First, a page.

Use These Green Gadgets To Help Save Water, Energy And Money In Your Home
Here are some of the cool options available, including budget options that will help conserve without breaking the bank.
LightbulbsThere’s a lot of room for improvement over the traditional light bulb, but by far the best energy-saving innovations are in LED light bulbs. Not only do LED bulbs use up to 80 percent less energy compared to traditional incandescents, they last up to 25 times longer, according to the U.S. Department of Energy.
Although the energy savings of LEDs are on the same scale as compact fluorescent bulbs (CFLs), they are now being made with added “smart” features to help you save even more energy by using less light. One smart light, the recently introduced Stack Alba smart bulb, changes brightness or turns off based on the time of day, how bright the room is and whether or not someone is home. Its developers say it will learn users' habits and respond accordingly. The Philips Hue is a similar LED bulb that lets you use an app to control your lights. You can even send a text message to tell your lights to turn off!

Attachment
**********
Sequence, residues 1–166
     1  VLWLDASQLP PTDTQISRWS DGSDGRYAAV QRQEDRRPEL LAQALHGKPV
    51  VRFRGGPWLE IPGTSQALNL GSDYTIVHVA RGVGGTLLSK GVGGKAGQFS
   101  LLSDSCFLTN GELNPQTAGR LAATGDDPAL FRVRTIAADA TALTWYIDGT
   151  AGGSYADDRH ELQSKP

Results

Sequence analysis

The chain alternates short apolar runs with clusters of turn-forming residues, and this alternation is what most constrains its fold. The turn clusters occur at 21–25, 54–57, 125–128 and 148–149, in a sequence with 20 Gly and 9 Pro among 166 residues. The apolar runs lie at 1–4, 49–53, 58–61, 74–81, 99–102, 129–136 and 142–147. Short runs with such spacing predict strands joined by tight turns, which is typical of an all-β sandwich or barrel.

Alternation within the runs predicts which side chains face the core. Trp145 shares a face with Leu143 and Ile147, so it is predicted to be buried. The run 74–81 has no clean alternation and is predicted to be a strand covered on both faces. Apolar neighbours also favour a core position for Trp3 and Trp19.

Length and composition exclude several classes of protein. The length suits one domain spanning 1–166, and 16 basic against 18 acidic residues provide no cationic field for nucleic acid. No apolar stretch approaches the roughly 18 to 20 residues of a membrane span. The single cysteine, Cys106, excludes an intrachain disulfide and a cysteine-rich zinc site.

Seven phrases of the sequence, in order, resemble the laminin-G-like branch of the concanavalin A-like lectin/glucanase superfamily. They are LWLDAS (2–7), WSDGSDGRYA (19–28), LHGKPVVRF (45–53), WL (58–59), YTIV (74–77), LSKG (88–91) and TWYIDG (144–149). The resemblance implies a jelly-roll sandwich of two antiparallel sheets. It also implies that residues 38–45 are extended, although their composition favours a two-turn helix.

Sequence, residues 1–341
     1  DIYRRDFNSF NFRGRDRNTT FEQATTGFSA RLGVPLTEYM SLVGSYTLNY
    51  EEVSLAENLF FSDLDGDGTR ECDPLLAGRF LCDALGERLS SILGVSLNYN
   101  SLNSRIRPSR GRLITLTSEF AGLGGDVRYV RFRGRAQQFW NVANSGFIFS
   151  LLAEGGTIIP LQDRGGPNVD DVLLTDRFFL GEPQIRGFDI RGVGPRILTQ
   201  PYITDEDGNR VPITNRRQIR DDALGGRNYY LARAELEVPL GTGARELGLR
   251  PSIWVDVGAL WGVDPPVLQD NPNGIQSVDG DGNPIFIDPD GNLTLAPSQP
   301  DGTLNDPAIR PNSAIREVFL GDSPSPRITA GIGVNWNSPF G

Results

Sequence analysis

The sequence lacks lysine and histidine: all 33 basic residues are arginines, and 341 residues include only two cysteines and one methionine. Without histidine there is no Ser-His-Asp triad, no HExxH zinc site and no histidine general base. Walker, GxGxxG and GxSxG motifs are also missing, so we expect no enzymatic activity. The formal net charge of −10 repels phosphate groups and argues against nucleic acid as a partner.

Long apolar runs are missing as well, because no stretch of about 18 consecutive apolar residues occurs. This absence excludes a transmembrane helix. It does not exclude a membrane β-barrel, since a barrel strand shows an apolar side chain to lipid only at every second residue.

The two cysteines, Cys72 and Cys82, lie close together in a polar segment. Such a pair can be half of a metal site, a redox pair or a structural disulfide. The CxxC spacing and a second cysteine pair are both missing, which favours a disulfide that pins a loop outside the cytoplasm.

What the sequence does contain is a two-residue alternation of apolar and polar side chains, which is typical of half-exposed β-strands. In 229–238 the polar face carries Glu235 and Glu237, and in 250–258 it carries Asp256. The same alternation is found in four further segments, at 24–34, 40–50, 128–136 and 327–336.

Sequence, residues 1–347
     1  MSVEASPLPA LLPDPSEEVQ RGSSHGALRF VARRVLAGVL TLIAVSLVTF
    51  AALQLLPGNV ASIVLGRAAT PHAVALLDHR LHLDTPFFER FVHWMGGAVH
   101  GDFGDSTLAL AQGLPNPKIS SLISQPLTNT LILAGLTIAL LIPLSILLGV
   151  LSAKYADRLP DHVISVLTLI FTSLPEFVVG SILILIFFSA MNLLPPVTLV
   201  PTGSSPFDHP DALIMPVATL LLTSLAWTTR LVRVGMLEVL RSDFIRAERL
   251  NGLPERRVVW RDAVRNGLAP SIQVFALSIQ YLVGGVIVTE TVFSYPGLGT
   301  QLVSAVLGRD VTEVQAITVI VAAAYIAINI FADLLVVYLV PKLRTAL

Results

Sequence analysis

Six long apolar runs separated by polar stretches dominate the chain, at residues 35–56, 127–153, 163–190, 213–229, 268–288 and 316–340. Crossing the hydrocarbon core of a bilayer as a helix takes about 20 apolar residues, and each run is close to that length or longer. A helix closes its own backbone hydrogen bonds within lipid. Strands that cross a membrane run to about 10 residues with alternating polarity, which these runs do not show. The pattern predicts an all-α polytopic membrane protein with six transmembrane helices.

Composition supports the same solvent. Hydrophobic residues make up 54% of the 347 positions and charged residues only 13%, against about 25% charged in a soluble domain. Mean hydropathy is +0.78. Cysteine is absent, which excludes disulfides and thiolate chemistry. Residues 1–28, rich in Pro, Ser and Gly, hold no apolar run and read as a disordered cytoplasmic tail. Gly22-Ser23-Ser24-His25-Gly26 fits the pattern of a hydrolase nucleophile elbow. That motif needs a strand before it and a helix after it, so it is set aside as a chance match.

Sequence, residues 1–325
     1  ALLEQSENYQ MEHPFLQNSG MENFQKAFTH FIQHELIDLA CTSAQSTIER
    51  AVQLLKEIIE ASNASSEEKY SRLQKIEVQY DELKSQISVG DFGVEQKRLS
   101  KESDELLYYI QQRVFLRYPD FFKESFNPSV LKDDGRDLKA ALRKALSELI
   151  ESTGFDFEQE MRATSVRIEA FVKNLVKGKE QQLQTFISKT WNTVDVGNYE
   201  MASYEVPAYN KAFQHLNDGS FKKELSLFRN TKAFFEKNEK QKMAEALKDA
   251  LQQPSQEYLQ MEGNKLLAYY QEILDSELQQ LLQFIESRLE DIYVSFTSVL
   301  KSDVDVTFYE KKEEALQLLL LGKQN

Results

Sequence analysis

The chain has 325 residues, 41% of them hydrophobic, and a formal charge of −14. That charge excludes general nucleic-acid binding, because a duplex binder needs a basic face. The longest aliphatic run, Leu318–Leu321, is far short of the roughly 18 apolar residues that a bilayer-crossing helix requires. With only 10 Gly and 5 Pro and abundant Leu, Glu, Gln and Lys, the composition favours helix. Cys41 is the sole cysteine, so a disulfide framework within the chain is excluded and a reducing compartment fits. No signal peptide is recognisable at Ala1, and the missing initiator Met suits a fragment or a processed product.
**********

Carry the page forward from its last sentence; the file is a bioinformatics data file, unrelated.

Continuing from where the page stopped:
If you don’t want to deal with smart bulbs, you can purchase motion detectors or smart light switches that work with both regular CFLs and LED lights. Belkin WeMo offers both of these options and allows you to use an app to control your lights. You can set rules for your lighting, like setting times for lights to turn on and off, or you can use Siri on your iPhone to tell them to turn off.
The bottom line: Smart lighting, if used correctly, can help you cut down your energy consumption while saving money on your electricity bill.
Budget option: You can forget the smart bulbs, but switch your lights over to LEDs as your current bulbs burn out. LEDs are now priced under $10 each, such as this bulb from Cree, which lasts decades and is covered by a 10-year warranty.
Air Conditioners and HeatingAir conditioning accounts for only 6 percent of household energy use nationwide, while space heating accounts for around 40 percent. But this can vary a lot depending on where you live. For example, in Arizona, 25 percent of energy is used for air conditioning and only 15 percent for heating, according to the U.S. Energy Information Administration.
If you have central heating and cooling, the Nest Learning Thermostat is a favorite, earning a #1 bestseller tag on Amazon and glowing reviews on CNET. The thermostat learns your habits over time, allows you to make changes with your smartphone or computer and displays your energy use on a dashboard. The Environmental Defense Fund called Nest “promising” and said the technology is good at reducing peak energy demand and saving money without being disruptive.